to like. None of our party seem to care trying it, although we have now
nothing but meat and salt and from four to five pounds of flour to make
gruel in case of sickness. All have been till within the last few days in
excellent health and nowise short of appetite. From the time we are out
beyond what was anticipated I suppose the people of Adelaide have given
us up as lost. I hope however they will not think it necessary to send a
search party out after us.

Saturday, May 31.

Patients about the same. Middleton rather worse. Wind in the morning from
south-east and south-south-east, at midday changed to east, then north
and afterwards to north-north-west. Meat nearly dry.

Sunday, June 1.

Still in Camp 8. Patients about the same, very weak and feverish, but
must endeavour to make a move tomorrow. Wind from north, north-west to
west, and rather warm. Had a visit from a number of natives, they do not
appear so shy as usual; they do not circumcise but have one or two teeth
out in front of upper jaw. From what I could see the young men are not
allowed to talk, but merely making a hissing and twittering noise to make
themselves understood, and pointing and motioning with the hand whilst
the old men do the talking business. I could make but little out of them.
I made them a few presents with which they seemed much pleased; got a few
words of their language and with a promise to return tomorrow they took
their leave. They are not at all such a good sample as are at the lakes
north and east of Lake Hope. They say there is plenty of water ahead on
the course I intend to take, but from want of knowledge of their language
could glean nothing of the parties that came in search to the north
coast; but that they have seen whites was quite evident from their
knowledge of the use of the axe. They seemed much in dread of the camels,
the only animals that were near the camp at the time, and expressed by
motions a desire that they should be driven away.

Monday, June 2.

Camp 8. The heaviest dew last night I have experienced for many years,
accompanied by a dense fog till between 8 and 9 a.m. Wind from
west-north-west. Palmer attacked with same fever that the rest have. The
others very weak but I think a little better. Made a start this morning
at 9.20 a.m. on bearing of 95 1/2 degrees; at 10.14 lagoon on right; at
10.27 crossed creek with plenty of water from south-south-west; at 11.50
lagoon on right--all forest land with a greater number of the paper-bark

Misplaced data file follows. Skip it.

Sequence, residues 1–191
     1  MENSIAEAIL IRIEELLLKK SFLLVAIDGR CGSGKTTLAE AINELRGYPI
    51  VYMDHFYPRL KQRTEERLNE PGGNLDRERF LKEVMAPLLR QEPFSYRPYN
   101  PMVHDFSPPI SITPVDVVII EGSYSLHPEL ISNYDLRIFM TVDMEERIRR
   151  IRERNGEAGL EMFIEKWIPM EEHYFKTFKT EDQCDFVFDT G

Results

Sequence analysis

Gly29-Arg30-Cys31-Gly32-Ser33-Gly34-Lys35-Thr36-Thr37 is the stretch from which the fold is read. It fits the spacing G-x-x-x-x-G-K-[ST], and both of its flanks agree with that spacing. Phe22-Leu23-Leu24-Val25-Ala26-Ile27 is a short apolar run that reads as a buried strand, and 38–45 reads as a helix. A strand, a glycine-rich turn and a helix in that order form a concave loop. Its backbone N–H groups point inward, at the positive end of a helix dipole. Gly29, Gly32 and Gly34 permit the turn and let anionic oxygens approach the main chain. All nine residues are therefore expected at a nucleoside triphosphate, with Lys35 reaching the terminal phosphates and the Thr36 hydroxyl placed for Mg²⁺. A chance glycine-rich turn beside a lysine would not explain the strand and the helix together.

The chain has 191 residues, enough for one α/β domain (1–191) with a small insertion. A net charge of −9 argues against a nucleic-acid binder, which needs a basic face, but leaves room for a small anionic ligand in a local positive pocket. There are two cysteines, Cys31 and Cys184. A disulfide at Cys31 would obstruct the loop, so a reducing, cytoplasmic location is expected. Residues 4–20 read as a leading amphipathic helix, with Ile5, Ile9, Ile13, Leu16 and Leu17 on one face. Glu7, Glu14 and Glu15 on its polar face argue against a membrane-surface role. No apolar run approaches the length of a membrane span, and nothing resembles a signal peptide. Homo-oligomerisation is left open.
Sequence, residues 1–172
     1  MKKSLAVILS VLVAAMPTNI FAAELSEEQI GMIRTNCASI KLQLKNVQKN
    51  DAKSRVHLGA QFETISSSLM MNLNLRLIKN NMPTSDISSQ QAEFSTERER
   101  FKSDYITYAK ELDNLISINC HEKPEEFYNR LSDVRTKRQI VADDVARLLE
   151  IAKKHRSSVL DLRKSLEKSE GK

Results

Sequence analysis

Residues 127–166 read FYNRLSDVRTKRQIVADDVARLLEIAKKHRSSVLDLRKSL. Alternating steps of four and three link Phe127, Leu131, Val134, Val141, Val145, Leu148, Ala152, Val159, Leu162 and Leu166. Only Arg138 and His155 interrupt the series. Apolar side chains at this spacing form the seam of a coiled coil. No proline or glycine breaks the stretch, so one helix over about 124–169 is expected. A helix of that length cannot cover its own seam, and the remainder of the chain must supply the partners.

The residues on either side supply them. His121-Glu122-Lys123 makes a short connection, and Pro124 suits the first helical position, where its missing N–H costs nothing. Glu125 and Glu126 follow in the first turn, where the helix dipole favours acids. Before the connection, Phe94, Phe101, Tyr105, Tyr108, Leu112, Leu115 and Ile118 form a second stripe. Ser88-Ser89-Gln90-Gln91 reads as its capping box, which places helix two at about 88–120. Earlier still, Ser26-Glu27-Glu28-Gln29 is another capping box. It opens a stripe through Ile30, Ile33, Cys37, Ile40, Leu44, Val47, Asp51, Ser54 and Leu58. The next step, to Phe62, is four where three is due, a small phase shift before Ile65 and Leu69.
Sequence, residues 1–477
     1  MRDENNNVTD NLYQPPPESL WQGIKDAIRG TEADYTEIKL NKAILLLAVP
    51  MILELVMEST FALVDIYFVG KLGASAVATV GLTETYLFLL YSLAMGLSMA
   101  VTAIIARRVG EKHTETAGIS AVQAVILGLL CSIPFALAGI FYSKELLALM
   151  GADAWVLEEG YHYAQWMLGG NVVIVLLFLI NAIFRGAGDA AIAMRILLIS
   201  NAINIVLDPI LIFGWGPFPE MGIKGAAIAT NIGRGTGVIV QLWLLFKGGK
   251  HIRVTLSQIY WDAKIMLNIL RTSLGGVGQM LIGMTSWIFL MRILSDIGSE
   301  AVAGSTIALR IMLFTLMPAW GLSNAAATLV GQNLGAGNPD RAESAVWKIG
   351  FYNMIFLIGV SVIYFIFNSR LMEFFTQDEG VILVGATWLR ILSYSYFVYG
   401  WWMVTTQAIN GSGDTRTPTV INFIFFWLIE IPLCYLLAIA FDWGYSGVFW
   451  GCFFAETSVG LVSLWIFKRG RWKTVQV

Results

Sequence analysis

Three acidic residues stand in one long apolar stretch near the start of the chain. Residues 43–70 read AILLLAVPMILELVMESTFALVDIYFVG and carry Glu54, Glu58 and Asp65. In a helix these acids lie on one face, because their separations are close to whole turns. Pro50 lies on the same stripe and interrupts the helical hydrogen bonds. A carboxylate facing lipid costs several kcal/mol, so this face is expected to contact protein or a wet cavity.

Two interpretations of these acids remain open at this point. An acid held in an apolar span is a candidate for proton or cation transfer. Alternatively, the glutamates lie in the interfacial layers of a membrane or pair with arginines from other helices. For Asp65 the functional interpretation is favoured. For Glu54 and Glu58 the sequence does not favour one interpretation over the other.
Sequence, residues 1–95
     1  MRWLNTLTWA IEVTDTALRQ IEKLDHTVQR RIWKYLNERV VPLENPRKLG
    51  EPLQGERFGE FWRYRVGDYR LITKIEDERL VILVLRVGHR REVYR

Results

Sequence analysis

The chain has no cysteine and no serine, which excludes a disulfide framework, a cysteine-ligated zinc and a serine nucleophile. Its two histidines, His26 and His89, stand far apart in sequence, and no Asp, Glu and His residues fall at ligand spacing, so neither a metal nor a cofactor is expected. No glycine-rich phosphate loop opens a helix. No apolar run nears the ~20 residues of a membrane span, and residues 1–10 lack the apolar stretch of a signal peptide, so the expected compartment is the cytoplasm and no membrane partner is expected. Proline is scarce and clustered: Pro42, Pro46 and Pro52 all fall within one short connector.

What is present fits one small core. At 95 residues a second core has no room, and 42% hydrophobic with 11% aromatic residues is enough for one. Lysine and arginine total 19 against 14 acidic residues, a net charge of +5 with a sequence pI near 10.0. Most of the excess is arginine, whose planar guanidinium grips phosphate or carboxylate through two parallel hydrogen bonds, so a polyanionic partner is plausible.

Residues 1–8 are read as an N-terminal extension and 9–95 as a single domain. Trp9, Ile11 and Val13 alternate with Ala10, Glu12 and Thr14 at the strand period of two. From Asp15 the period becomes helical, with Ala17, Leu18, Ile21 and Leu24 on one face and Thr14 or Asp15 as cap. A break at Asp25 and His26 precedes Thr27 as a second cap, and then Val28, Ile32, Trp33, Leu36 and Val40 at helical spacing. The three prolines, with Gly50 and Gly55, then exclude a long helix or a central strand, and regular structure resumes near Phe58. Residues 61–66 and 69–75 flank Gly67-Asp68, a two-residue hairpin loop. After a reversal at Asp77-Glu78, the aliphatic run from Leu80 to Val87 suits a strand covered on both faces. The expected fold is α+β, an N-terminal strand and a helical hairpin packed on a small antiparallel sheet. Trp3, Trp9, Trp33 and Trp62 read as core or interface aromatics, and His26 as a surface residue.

tree than any other; at 11.15 much spinifex; at 11.20 creek close on left
with plenty of water; at 11.35 crossed creek, it goes off into many
lagoons southwards and eastwards; good grass and plenty of water, not
much spinifex, the country rather too thickly wooded to be open forest.
Halted at lagoons on the left at 1.20 coming from south of east and
flowing to north of west. Although this country is rather too thickly
wooded to be called open forest it is still an excellent pastoral
country, the grasses sweet and plenty of water, the lagoons being covered
with nymphans or waterlily, and the soil sandy. We passed many patches of
burnt ground, some burnt earlier than the rest, having green grass nine
to twelve inches high. Stopped short today on account of the patients who
are very weak, Kirby in particular; distance travelled twelve and a half
miles. In the afternoon wind from west-north-west. Saw nothing of the
natives this morning before starting. Several palms seen through the
forest, a few close by this camp of no great height; the feed in general
is very dry except in the neighbourhood of the creeks or lagoons.

Tuesday, June 3.

Camp 9. Wind south; considerable dew but nothing to the night before.
There is a good deal of spinifex here and the timber is nothing like so
strong or good as around yesterday's camp and for miles on all sides of
it. Three creeks appear to rise here and join and become one, all from
the southward of east to north of west. Started at 9.8 a.m., the horses
having strayed some distance back to the burnt feed. Bearing 95 1/2
degrees, open forest with spinifex; at 10.30 crossed small creek (dry);
at 10.45 crossed small sandy creek (dry) water on the right; at 11.30
watered horses and then crossed creek from west-south-west to
east-north-east, small creek from south joins close by; at 1.25 crossed
creek with water; at 2.12 crossed sandy creek from north-east to south
and another close by, then scrub and rather thick forest till 5.50, then
camped no water; distance about twenty-six and a half to twenty-seven
miles. One of the horses (Harry) after being ridden into camp appeared to
blow a good deal and from little to more till at last he got seriously
ill and died at 9 p.m. He must have been poisoned or bitten by a snake.

Wednesday, June 4.

Camp 10, or Harry's Camp, after our dead horse. Wind southerly. Started
at 7.18 a.m., still on bearing of 95 1/2 degrees; crossed sandy creek
(dry) from north-east to east-south-east; at 9.52 crossed same creek
still dry running to north of east; at 9.15 recrossed same; at 9.20
recrossed; at 9.25 recrossed the creek not far off on the right; country
rather scrubby. Sent Hodgkinson to follow the creek round to ascertain if
water existed in it and if so to stop or overtake us. Went on till about
10.30 when Hodgkinson overtook us having found sufficient water for our
use. Returned at once to it about a mile back and camped. The old female